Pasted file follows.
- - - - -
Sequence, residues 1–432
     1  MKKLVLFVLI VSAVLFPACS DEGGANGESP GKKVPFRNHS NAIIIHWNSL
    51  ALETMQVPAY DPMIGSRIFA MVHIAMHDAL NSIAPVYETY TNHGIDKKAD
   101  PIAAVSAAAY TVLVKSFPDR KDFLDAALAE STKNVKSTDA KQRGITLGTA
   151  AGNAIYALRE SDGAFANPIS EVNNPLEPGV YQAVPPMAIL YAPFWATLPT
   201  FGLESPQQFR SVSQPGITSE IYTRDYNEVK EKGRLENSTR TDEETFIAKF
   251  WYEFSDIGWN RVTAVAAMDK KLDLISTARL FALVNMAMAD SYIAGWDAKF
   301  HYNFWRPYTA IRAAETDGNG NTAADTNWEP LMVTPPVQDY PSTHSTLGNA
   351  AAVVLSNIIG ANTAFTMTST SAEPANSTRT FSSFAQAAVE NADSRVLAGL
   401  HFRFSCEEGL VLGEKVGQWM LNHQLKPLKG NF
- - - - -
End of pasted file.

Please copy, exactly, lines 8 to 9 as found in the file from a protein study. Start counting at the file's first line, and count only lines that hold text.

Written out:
   301  HYNFWRPYTA IRAAETDGNG NTAADTNWEP LMVTPPVQDY PSTHSTLGNA
   351  AAVVLSNIIG ANTAFTMTST SAEPANSTRT FSSFAQAAVE NADSRVLAGL